Where you live should factor into your choice of color. If your house is going to bake in the bright sun all day long, remember that darker colors will fade faster and that blue and yellow are most likely to change with prolonged exposure to the sun. If your house is surrounded by large trees, the shade will make dark colors look even darker and your house might get lost. Touring your neighborhood with a camera is a great way to get ideas and find paint colors that appeal to you. If you find a house you really like, ask the homeowner for the name of their paint color. Look through magazines for colors and if you find one that appeals, cut it out and bring it to your paint store. Most stores can match any color you provide.
Stay True To Your House
What was the original color of your house? Buried under many layers of paint, you may discover the first color. If you have an historic, older home, you can refer to historic color charts. A New England Salt Box is traditionally painted in blue-gray tones, while a Victorian home can have a variety of colors. If your home is in a wooded area, you might want to choose earth tones.
Your house is not an entirely blank canvas. What color is your roof? Are there any other materials such as brick, slate or stone that will not be painted? Will doors and railings remain their existing colors? Consider the colors that won't change and take them into consideration when choosing a color. Building materials contain numerous hues and shades. For example, a charcoal gray shingle might contain numerous flecks of blue or green that could be nicely incorporated into your palette. Though your new paint color doesn't have to match existing colors, it should harmonize with your other colors and textures.
Preview Your Color
Many paint stores and computer programs offer computer imaging to give you an idea of how a particular color will look. You supply a photo of your home and these programs paint it in a different color. Although these colors are not exact, the printout can give a solid idea of where to start.
Once you have a basic palette, get paint samples and test your colors on the side of your house. Wait to see what happens during different times of the day as the sun moves across your house. Live with these samples for awhile so you can see how these colors grow on you.
Accents & Trim
When choosing a paint color, you should have at least one other color for accents such as trims. Depending on the style of your house, you may want anywhere from two to six other complementary colors. Try not to make your house look too busy or distracting. This can be tricky, because too many colors will overwhelm your house and too few will make it seem two-dimensional. Accent colors are meant to accentuate the positive so use them on areas you want to emphasize like window ledges, shutters, columns or molding. Windows give character to a house and outlining them lends crispness to the color scheme. Be judicious. Do not accent unattractive elements such as gutters, downspouts, a protruding garage door, air conditioning units, unevenly placed windows, security bars, and such.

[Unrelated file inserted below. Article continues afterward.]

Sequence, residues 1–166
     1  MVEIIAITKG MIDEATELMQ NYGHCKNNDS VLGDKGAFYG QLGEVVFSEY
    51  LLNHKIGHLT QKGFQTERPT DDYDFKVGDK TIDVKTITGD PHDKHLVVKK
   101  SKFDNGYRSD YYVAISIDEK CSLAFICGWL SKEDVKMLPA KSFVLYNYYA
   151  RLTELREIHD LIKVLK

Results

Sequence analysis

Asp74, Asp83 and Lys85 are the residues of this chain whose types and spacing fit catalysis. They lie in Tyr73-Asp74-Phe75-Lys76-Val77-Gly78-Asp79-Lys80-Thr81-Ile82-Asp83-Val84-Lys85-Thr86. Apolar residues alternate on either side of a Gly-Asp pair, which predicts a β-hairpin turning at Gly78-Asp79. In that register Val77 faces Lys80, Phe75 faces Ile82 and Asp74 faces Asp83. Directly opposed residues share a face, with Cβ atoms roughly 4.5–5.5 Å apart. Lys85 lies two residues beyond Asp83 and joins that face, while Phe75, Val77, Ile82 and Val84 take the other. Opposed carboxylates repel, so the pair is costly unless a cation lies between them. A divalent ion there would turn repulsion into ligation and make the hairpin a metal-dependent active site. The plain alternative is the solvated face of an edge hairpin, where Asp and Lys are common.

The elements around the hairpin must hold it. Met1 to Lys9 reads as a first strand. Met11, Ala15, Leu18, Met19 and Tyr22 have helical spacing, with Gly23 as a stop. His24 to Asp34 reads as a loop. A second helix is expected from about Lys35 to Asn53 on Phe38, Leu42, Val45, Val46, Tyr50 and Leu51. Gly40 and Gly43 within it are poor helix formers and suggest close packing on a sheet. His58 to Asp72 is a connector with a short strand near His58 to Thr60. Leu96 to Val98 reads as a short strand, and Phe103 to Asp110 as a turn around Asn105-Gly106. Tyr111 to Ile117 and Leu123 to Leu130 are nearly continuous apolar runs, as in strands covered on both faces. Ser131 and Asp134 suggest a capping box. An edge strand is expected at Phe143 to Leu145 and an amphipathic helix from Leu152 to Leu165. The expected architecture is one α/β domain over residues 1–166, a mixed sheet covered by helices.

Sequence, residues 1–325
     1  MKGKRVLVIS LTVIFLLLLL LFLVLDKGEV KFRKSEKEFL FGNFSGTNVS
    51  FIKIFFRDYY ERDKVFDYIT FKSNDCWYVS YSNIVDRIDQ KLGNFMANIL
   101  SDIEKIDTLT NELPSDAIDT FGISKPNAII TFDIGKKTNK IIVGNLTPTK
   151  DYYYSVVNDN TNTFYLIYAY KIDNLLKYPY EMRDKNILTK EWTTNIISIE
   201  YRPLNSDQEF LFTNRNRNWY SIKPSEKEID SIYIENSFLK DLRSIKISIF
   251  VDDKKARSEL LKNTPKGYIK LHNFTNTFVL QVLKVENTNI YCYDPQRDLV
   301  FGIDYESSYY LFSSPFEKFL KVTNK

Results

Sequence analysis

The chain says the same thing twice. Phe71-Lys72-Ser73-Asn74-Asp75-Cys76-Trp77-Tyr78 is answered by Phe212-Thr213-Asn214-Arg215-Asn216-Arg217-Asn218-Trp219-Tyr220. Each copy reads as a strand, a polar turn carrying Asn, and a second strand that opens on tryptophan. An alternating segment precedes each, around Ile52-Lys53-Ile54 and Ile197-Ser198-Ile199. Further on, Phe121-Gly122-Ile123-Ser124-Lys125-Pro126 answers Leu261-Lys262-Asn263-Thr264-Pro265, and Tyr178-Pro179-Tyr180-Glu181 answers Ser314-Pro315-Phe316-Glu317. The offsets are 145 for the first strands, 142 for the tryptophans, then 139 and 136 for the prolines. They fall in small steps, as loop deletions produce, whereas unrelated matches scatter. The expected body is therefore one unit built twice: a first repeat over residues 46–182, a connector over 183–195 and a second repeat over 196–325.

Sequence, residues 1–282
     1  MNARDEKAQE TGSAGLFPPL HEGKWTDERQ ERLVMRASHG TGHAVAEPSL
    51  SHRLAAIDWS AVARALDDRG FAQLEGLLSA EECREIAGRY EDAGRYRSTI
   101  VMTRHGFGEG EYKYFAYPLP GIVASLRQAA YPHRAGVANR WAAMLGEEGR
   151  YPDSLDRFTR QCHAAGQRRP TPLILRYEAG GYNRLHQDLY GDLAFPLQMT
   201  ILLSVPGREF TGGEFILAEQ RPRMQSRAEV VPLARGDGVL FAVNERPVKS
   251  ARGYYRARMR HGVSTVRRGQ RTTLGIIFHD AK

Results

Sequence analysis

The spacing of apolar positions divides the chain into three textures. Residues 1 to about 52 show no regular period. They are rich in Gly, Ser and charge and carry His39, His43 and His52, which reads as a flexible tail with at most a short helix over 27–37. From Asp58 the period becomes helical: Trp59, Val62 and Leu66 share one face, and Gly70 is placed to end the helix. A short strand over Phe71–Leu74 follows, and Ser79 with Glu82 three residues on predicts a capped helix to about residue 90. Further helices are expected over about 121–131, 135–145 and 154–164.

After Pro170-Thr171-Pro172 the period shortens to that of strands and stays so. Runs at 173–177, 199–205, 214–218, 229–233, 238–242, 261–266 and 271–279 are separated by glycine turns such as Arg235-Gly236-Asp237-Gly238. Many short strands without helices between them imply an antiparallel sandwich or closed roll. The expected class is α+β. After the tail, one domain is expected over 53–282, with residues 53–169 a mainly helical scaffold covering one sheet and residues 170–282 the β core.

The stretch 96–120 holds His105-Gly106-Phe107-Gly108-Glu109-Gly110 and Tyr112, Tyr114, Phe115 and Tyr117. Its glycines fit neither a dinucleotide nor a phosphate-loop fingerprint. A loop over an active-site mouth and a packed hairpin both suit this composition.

A light or white color is a good choice for window sills for reflection of the sun's heat and light. Lighter tones will highlight details that project from the wall surface while darker shades are best for accenting recesses. Dark bands of trim provide a pleasant contrast and draw attention to architectural details. On traditional Victorian homes, the darkest paint is often used for the window sashes.
If your house is really tall, you can scale the proportion by painting the upper portion a deeper tone than the bottom (reverse trim color). This is also effective on a small lot or when landscaping is immature. Conversely, a darker color on the lower portion grounds the house to the earth.
Remember that extreme contrasts for accent colors can actually detract from details. To be safe, consider staying within a single color family. Try using a darker or lighter shade of your primary color instead of a different hue all together. When in doubt, consult some of the paint color strips found in most local hardware stores and select two tints or shades from the same color strip. Either the lighter or the darker shade could be used for the body and the opposite for the trim. A contrasting accent color could punctuate the door.
Dark Vs. Light
When choosing colors, it's important to understand that paler colors advance in space while dark colors recede. Light colors will make your house seem larger while darker tones will tend to make your home seem smaller but more substantial. If your house is positioned far away from the curb, painting it a light color will bring it forward visually. Lighter colors on a porch will make a home feel more approachable and welcoming. If you chose vivid shades like red or deep blue, keep in mind that over time they will lighten substantially. Also, darker shades seem to suffer more maintenance problems, due to the fact that they draw both heat and moisture and because dark paint fades, it's difficult to touch up.